The world may be heading for its worst recession in a quarter of a century — if it’s lucky.
A steep slump looks likely as the credit squeeze crunches economies from the U.S. to Singapore and panic engulfs global financial markets.
“It’s certainly going to be the worst since the 1980s,” says Bradford DeLong, an economics professor at the University of California at Berkeley who worked at the U.S. Treasury Department from 1993 to 1995. “The hope is that it won’t become the worst unemployment business cycle since the Great Depression.”
Of special concern: The two big bulwarks of the global economy in recent years — U.S. consumer spending and the rapid growth of emerging markets — may be finally giving way in the face of the 14-month-old financial turmoil.
That raises the odds that the coming economic decline will be long and deep, despite U.S. Treasury Secretary Henry Paulson’s $700 billion financial rescue plan, similar efforts by European leaders and the coordinated interest-rate cuts engineered by Federal Reserve Chairman Ben S. Bernanke and other central bankers last week.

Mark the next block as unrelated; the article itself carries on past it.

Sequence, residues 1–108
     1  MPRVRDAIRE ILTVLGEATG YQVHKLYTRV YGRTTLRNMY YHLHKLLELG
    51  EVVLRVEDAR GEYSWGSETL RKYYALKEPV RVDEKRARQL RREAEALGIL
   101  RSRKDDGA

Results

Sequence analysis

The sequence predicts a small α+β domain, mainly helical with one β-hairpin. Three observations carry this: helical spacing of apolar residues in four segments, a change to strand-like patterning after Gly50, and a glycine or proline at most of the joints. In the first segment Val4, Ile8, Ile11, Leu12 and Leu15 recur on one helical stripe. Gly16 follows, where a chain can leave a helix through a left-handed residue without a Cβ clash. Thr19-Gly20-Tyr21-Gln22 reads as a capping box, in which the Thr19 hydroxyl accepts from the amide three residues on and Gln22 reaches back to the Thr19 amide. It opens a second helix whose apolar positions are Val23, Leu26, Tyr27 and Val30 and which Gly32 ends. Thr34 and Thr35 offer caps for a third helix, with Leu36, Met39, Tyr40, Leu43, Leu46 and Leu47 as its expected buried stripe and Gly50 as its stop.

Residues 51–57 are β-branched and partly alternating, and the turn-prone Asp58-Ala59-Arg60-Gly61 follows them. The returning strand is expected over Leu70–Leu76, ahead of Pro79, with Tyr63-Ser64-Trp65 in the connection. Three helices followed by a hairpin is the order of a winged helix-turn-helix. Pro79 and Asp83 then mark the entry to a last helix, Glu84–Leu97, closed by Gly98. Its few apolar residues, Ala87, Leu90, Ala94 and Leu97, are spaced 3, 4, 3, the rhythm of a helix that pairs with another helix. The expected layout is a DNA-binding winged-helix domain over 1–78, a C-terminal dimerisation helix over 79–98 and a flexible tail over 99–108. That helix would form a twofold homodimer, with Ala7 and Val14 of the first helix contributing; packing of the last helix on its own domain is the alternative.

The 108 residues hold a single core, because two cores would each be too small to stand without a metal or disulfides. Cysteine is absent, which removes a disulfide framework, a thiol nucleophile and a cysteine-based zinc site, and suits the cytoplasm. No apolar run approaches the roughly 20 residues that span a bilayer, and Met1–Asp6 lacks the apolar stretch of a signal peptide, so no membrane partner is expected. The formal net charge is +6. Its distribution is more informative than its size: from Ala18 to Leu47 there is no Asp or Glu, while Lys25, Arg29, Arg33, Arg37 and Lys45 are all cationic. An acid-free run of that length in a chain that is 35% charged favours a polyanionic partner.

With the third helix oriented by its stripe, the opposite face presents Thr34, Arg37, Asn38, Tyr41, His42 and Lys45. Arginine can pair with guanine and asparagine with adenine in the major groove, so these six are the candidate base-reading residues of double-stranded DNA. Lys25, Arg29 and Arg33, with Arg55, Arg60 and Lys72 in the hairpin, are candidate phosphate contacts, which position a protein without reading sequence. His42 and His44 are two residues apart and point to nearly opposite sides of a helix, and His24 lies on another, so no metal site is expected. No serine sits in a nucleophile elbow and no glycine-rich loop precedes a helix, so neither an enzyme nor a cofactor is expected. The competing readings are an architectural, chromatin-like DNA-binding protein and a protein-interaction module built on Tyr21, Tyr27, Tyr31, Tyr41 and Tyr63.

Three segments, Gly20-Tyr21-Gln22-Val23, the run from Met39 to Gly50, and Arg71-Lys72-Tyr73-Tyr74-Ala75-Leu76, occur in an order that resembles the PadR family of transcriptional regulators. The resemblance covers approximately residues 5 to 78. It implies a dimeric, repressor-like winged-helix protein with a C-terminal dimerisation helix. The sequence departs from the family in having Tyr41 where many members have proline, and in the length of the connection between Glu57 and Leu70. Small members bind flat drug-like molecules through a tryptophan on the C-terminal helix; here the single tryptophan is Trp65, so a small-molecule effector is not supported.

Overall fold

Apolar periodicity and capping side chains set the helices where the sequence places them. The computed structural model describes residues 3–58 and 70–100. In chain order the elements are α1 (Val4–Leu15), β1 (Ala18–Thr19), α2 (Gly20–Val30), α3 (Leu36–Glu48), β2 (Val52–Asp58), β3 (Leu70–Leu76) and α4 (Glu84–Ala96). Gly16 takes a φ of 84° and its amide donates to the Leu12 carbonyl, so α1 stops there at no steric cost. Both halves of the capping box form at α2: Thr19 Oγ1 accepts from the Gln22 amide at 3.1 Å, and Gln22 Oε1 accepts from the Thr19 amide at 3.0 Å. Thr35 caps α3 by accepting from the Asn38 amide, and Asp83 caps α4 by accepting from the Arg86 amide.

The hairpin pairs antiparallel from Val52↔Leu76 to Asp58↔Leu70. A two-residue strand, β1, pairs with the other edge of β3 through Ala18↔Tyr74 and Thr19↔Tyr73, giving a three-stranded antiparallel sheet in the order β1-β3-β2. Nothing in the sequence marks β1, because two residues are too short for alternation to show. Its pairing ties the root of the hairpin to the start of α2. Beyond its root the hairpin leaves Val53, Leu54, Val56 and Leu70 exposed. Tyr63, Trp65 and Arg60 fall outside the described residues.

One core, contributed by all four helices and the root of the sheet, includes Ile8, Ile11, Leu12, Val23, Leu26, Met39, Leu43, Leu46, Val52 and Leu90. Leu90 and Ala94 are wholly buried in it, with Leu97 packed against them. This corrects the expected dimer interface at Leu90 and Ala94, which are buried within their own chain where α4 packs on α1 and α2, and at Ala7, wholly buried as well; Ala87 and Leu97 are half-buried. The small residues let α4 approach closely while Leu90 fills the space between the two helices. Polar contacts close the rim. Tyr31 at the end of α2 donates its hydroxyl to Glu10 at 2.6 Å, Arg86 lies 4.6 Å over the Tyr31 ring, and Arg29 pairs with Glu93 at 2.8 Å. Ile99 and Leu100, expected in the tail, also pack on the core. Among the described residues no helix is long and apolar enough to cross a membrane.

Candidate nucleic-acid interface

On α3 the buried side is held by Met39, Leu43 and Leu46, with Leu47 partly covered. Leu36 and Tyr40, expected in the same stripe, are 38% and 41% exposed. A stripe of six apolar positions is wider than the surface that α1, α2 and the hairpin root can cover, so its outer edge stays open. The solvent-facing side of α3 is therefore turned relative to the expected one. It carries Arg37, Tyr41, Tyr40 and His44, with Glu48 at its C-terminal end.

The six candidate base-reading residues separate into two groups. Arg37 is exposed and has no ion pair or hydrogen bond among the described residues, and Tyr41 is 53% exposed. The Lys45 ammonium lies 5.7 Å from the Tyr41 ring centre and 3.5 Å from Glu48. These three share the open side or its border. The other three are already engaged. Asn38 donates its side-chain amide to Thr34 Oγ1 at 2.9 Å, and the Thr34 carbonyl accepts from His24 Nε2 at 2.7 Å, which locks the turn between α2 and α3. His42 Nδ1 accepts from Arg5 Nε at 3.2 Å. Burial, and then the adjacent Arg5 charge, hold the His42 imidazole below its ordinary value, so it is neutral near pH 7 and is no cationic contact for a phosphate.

“This is the worst crisis I’ve seen in my 50-year career,” William Rhodes, senior vice chairman of Citigroup Inc. in New York, told fellow bankers in Washington yesterday. “We still have to deal with the effects on the real economy here and elsewhere.”
Household finances are also being pinched. The steep decline in U.S. stock prices last week alone wiped some $2.16 trillion from investors’ wealth. And banks are getting stingier with credit: Borrowing by U.S. consumers fell in August by the most on record as lenders shut access to loans, according to data from the Fed.
The consumer pullback is already sending ripples throughout the economy. Vacancies at U.S. neighborhood and community shopping centers rose to a 14-year-high in the third quarter, New York-based real-estate research firm Reis says.
A sharp reduction in household spending could turn what is shaping up to be the biggest recession since the early 1980s into something worse, Bruce Kasman, chief economist at JPMorgan Chase & Co. told a meeting of the Institute for International Finance in Washington yesterday.